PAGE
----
Local man shares Social Security number

January 12, 2009 7:23:32 PM PST
Our Social Security number is something that should stay with us our entire lifetime. So when a Belmont man found nine other people had the same number as he did, he called 7 On Your Side.

Rick Naff felt like a big part of his life had been ripped away from him. But his biggest fear of course has been identity theft.

Rick Naff couldn't believe what he was hearing.

"I'm like what, I didn't know that, no one had ever told me I had a problem with that," said Naff.

The state told him it couldn't verify his Social Security number because other people were using it. His wife works in human resources, so she did a background check on her husband.

"And when I did, I was really shocked at how many names came up under his," said Patty Naff.

Nine people in all -- and many of them had interesting histories.

"Driving under the influence, possession of marijuana, assault and battery. All using my social security number -- different names, but my social," said Rick Naff.

The Federal Trade Commission says Social Security numbers are too often listed on public records, and can also be obtained illegally through hacking, phishing, even dumpster diving.

"We do know that identity theft continues to be a major problem. Millions of consumers have been victimized. And the social security number plays a big role in those cases of theft," said Federal Trade Commission Attorney Christopher Olsen.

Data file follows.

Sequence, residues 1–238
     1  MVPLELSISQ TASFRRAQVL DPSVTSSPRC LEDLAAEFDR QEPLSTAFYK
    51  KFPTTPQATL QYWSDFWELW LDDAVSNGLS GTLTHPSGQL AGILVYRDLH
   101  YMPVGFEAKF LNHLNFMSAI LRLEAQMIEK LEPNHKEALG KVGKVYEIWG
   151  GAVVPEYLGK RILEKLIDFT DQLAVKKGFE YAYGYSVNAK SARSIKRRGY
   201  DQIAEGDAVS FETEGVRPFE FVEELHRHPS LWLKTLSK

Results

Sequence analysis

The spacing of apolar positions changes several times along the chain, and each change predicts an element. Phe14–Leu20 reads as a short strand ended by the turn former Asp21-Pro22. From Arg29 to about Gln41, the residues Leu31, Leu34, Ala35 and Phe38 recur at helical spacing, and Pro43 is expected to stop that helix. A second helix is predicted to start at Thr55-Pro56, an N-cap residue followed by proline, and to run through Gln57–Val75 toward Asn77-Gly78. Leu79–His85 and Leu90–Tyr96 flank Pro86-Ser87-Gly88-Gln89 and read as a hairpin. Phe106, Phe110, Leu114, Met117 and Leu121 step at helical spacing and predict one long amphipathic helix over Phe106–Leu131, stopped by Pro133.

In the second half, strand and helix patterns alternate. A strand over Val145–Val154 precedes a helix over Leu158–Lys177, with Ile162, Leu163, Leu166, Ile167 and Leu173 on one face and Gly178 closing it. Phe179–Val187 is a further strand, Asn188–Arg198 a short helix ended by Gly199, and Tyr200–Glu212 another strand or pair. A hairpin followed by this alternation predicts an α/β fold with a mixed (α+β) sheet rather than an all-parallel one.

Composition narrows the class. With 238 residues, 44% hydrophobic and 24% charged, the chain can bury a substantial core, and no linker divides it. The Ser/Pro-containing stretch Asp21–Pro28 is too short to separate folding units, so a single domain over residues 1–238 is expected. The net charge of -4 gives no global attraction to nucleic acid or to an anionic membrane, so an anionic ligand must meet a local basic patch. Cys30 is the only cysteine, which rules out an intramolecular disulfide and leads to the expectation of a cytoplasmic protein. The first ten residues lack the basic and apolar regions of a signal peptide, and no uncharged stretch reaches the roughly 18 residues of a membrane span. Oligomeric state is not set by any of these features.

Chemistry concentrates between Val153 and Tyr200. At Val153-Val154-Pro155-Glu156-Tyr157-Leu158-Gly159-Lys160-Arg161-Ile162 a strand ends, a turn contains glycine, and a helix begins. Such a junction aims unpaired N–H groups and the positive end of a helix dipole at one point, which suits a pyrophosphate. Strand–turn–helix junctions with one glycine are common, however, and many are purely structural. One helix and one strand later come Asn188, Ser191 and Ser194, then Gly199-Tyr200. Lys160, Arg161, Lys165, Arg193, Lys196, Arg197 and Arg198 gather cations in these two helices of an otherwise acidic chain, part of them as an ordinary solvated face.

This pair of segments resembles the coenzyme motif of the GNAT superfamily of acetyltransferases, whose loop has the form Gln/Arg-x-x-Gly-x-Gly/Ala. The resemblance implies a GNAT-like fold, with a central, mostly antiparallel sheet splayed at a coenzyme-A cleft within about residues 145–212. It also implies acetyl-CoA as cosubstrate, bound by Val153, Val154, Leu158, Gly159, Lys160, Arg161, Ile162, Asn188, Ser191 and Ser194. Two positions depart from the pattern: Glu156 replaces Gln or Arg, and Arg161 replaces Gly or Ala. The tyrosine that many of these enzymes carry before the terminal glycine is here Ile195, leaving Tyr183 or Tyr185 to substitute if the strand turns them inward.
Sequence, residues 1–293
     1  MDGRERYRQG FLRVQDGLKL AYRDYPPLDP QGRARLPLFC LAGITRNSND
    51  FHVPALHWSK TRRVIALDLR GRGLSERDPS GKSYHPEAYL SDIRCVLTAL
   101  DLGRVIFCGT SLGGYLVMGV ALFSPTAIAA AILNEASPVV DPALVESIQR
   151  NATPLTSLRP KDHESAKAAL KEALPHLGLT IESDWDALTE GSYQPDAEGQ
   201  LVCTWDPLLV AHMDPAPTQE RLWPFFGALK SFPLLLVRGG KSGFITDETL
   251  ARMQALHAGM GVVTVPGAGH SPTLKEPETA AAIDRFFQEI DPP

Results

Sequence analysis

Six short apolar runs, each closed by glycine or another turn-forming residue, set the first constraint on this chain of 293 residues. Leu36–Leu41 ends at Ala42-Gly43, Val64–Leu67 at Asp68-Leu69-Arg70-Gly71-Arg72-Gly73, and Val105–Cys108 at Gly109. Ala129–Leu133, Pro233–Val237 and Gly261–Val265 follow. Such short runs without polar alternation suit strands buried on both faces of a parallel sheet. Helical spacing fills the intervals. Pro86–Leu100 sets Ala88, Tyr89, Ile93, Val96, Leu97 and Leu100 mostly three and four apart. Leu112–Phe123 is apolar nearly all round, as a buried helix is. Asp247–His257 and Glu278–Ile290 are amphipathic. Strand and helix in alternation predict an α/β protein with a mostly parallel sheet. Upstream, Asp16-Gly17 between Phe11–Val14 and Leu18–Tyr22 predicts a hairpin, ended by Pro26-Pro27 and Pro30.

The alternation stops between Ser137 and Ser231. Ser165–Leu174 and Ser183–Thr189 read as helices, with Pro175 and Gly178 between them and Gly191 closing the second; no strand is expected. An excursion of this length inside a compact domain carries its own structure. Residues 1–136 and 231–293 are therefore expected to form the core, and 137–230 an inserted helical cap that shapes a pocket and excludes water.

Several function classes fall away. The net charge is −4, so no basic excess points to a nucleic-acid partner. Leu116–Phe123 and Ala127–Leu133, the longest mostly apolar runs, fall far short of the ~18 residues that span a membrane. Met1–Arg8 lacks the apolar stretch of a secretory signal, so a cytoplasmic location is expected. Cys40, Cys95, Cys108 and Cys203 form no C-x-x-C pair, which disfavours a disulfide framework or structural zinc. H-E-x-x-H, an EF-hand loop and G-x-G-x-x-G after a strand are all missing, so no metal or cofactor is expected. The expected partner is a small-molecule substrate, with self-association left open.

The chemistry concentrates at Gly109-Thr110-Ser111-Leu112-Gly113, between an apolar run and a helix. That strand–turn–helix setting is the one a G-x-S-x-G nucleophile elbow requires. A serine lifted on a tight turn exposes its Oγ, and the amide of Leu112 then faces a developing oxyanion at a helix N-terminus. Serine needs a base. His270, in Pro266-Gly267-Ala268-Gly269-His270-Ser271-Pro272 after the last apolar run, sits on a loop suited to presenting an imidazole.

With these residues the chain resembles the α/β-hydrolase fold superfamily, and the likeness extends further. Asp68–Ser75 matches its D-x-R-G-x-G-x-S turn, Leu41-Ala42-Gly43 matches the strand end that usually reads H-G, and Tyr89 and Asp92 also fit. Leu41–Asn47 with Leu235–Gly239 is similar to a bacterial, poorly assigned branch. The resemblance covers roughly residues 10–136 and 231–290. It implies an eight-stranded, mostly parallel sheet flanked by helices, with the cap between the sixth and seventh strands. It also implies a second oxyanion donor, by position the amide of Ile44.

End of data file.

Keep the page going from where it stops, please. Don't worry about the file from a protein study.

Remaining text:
"I think this is a lesson to everyone to be very, very careful. But being careful is not enough," said Rick Naff.

That's why the FTC in a report to Congress wrote a series of recommendations. The biggest one is to: "Strengthen the methods businesses authenticate new and existing customers."

"Our focus is more on insuring thieves cannot make use of the social security number when they obtain it," said Olsen.

The Commission believes: "Stronger authentication would make it more difficult for criminals to use stolen information -- including SSN's to impersonate consumers."

Among the other recommendations:

Restrict the display of and transmission of Social Security numbers.

  • Establish national standards for data protection.
  • Educate both businesses and consumers.
  • Share best practices.

    "What can we do? Can we clear this? Can we stop this? Because I know this is a bigger problem than anyone realizes," said Patty Naff.

    The honest answer IS Rick's Social Security number may always be used by someone else.

    Authorities suspect someone may be selling his Social Security number to others. But 7 On Your Side put him in touch with the Federal Trade Commission and the district attorney.

    He's done the following:

  • File a complaint with local authorities. Now his name will be added to a state wide data base of identity theft victims.
  • File a complaint with the Federal Trade Commission so he can be included on a national data base.
  • File for a credit freeze with the three credit bureaus and monitor his credit.

    In addition, he's going to monitor his Social Security account, contact the IRS so he doesn't get dinged for someone's else's taxes and file complaints with DA's in every county where he's been victimized.

    Rick knows this is a lot of work. But he'll have the peace of mind knowing he's doing everything he can to protect himself

    Related Links:

  • Federal Trade Commission recommendations
    What to do if you are a victim:
  • Frequently asked questions
  • IRS and identity theft


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